As a child, I was drawn to folding screens and particularly enthusiastic about their potential for staging plays at home in the school holidays. Behind them, my sister and I could change costumes as much as our imaginations and the dressing-up box allowed. In front of them, we would improvise melodramas or re-enact whichever pantomime we’d seen that season.
Screens may be fundamental to all kinds of staging – of either fictional, or indeed, real worlds – but in the home, they have a more prosaic function. They were especially popular in the 19th and early 20th centuries when the Arts and Crafts Movement, the Vienna Secession and Wiener Werkstätte all designed portable walls. Screens could be useful, but they could also be works of art – and for writers, they could even be metaphors. For the poet Rainer Maria Rilke, any ‘pretext’ for writing, or the convention of a ‘third character’ in a three-person plot – the foil to the fatal flaws of others, say – is a sort of folding screen. Drama and domesticity play out on either side of it and the threshold becomes part of the theatre of life itself.
In ‘Paraventi’, a show across three Prada institutions in Milan (until 22 February), Shanghai (until 21 January) and Tokyo (until 29 January), folding screens are the main event. (Paravent being an alternative name taken from the French for ‘windshield’; ‘paravento’ here in Italian.) Each of these exhibitions displays contemporary designs alongside historical artefacts: by Keiichi Tanaami in Tokyo and, in both Shanghai and Milan, artists such as John Stezaker, Shuange Li, and Cao Fei. The biggest show is in Milan, where the Podium building displays a total of 70 screens, from the 17th century to the present, arranged thematically on the ground floor and chronologically upstairs.
The history of paravents, as the catalogue makes clear, is one of cultural migration and hybridity. They were packed up, transported easily, and perceived as foreign objects in people’s homes. Originally from East Asia, the folding screen was once commonly known as a ‘Spanish wall’ in Germany. Many, but not all, of the early Chinese and Japanese designs that Westerners encountered were made for export, such as Kurofune, the ‘Black Ship’ from the 18th century. This screen shows a European vessel landing on Japanese shores, after the Portuguese had opened a trading route. Here, Western subjects are painted in a traditional Japanese style. In Mexico in the same century, a double-sided folding screen shows imitative scenes of China by an unknown Mexican artist, with ten panels depicting the Spanish colonisation of the Aztecs by Hernán Cortés on the reverse – a literal case of seeing both sides.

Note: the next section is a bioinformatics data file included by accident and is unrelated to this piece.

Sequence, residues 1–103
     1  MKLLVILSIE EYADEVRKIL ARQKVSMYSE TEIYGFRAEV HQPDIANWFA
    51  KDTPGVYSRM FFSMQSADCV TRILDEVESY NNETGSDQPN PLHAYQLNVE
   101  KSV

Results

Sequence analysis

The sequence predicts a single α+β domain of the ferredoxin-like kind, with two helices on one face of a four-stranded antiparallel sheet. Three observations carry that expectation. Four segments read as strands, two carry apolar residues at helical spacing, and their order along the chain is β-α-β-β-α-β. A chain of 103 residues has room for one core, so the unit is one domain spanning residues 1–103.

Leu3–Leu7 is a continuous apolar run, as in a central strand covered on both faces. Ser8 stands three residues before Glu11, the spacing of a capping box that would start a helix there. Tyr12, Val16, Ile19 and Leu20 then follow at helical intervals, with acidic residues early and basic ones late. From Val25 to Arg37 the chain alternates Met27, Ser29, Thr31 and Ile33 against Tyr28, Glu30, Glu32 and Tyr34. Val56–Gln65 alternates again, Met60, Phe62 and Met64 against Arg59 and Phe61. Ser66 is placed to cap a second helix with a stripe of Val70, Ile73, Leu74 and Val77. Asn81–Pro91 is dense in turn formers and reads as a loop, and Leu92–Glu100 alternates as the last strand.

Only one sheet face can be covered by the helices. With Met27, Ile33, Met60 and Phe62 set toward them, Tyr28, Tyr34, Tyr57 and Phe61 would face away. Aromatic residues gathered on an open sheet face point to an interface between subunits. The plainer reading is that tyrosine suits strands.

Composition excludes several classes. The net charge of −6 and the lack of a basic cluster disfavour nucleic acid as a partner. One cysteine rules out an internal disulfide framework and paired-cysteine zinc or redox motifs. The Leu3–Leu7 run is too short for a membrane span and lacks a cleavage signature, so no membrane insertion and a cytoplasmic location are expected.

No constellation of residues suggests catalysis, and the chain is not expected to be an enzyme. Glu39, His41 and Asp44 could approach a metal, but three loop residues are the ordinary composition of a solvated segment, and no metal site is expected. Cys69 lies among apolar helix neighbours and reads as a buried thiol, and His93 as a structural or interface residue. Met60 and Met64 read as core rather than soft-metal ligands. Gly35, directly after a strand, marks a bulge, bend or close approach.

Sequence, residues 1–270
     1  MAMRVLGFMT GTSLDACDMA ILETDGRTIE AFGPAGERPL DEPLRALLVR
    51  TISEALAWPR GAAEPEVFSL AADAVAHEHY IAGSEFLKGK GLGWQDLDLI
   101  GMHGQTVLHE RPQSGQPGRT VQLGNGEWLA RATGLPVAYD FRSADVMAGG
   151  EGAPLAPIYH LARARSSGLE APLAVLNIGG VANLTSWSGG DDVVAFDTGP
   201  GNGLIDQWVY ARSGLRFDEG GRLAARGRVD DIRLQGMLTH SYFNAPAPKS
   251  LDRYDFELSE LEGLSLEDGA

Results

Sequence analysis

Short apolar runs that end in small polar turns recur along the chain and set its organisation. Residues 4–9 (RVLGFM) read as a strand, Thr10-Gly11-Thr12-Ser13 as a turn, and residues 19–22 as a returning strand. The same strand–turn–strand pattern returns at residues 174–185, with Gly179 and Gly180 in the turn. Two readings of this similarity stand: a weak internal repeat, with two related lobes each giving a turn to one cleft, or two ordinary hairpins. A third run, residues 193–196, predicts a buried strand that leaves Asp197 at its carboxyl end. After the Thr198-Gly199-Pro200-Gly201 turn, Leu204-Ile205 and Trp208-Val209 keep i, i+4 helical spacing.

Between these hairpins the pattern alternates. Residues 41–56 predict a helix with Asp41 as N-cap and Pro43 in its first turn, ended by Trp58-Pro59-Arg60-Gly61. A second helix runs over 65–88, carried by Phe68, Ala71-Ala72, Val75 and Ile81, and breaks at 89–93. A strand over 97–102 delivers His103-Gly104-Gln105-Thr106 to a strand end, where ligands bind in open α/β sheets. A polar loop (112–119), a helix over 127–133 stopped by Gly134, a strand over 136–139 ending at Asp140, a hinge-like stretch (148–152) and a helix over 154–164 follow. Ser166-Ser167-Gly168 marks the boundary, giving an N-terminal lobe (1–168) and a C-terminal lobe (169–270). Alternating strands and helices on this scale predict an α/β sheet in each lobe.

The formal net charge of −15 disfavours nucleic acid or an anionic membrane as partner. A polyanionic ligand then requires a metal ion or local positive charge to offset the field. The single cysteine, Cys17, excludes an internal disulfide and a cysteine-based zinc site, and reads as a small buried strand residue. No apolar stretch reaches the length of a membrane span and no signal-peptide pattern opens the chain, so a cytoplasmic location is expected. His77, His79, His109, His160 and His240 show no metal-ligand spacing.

Screens were also a decorative means of maintaining decorum. As Byron put it, ‘some truths are better kept behind a screen.’ Oscar Wilde’s Dorian Gray looks on at an old paravent ‘of gilt Spanish leather wondering if ever before it had concealed the secret of a man’s life’. And so the door is flung open for euphemism and innuendo. Paravents can queer the binary of revealing and concealing, or the logic of the closet: that someone is either in or out of it. Elmgreen & Dragset’s screen from 2008 contrasts a starkly plain white triptych with a pair of blue Levi’s 501 jeans dropped around invisible ankles, and another flung over the top; there are glory holes, and toilet paper from a standard W.C. At this point, the paravent becomes gloriously pantomime – and once again political.
The Milan show has commissioned new paravents from some 15 international artists. Many collapse distinctions between different kinds of screen-based media. In Cao Fei’s contribution to Prada’s Milan Podium, the same digital wallpaper moves across different electronic devices. John Stezaker interprets the screen as a scene from an old Hollywood movie. Wu Tsang’s Rebellious Bird is the most complex, combining curtains, a soundtrack inspired by Carmen (1875) – harking back to the modern golden age of the paravent – and a performance by Tosh Basco, whose naked upper torso neither fully faces nor completely turns a back to the viewer. The idea that the folding screen is metaphorical follows in a literary tradition, too. Jean Genet’s play about the Algerian War, Les Paravents (1961), conflates the use of physical paravents and dramatic sections that are staged as televised reports of conflict.
The exhibition’s premise is as profound as it is precarious. Mona Hatoum’s outsize kitchen utensil, for example, functions perfectly well as a screen, but only really makes sense if you know its English name: Grater Divide. The section dividers designed by SANAA are made from Plexiglas curves – reminiscent of Alvar Aalto’s wavy wooden paravents from 1940 – and curtain hangings. They demonstrate that folding screens are materially and thematically less rigid, and much more ruched or pliable, than we might think.
The show rewards carefully looking. A screen from Marc Camille Chaimowicz’s flat in London, which he conceived as a Gesamtkunstwerk in 1979, is covered in a collage of photographs. Look closely and there’s a photo of the paravent itself in the artist’s living room, where it matches the wallpaper. Art can usually be separated from the details of an individual life. When it comes to folding screens, the more artful they are, the less separate they seem.
‘Paraventi: Folding Screens from the 17th to 21st Centuries’ is at the Fondazione Prada until 26 February.